Oxidation and Antiwear Retention Capability of Low-Phosphorus Engine oils 2005-01-3822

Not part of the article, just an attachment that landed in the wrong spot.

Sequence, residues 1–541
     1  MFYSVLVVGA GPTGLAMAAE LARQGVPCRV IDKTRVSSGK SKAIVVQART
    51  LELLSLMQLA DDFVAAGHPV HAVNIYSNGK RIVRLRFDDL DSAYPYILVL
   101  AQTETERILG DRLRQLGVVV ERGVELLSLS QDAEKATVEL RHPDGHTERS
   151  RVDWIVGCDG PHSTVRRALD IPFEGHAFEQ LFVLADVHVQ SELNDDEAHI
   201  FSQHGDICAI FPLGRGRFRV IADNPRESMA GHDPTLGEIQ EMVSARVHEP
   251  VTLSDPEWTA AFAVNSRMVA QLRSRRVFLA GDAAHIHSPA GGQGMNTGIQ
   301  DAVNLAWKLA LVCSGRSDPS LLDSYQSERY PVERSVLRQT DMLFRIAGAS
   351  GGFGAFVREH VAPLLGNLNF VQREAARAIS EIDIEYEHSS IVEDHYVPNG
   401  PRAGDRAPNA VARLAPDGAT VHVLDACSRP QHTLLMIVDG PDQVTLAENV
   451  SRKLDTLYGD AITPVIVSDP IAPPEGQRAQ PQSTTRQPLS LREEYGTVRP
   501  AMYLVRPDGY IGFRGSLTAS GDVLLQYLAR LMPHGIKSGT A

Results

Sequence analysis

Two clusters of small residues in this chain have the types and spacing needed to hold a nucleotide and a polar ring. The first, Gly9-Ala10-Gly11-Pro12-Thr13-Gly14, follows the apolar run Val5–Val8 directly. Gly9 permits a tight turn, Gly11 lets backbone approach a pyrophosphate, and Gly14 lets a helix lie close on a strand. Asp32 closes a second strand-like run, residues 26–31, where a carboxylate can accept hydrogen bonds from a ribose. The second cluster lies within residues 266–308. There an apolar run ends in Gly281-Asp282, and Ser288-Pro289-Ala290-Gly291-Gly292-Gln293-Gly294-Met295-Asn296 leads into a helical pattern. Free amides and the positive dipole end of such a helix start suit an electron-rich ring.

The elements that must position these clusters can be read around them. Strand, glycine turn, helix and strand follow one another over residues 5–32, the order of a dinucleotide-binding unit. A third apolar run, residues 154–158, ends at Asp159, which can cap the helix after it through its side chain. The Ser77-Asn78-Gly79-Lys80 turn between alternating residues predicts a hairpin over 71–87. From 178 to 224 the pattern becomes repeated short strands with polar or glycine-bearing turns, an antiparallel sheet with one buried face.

Future vehicle emission regulations both in the US and Europe will require maintaining catalyst efficiency for longer mileage intervals. In order to achieve this requirement, chemical restrictions are being placed on elements in engine oil that can poison catalysts. Most of phosphorus and a significant amount of sulfur in current engine oils come from zinc dialkyldithiophosphates, ZDDPs, which are a class of cost-effective multifunctional additives providing wear, oxidation and corrosion protection. Reducing ZDDP concentrations raises oxidation and wear concerns. The overall purpose of this research is to look at the antioxidation and antiwear capability of low phosphorus engine oils containing 0.05 wt% phosphorus and the potential of engine oils formulated without phosphorus. In addition to fresh oils, used oils drained from fleet vehicles were also analyzed and evaluated. The results indicate that by appropriately selecting and balancing supplemental phosphorus-free antioxidation and antiwear additives the antioxidation capability can be improved for low phosphorus and even non-phosphorus oils, and the antiwear performance of low phosphorus oils could be maintained or even improved.